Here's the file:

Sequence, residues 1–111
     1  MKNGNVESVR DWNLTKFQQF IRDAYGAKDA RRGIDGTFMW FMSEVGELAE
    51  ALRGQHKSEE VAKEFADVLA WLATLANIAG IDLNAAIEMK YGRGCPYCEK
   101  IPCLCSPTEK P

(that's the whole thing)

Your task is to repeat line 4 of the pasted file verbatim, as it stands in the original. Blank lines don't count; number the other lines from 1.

   101  IPCLCSPTEK P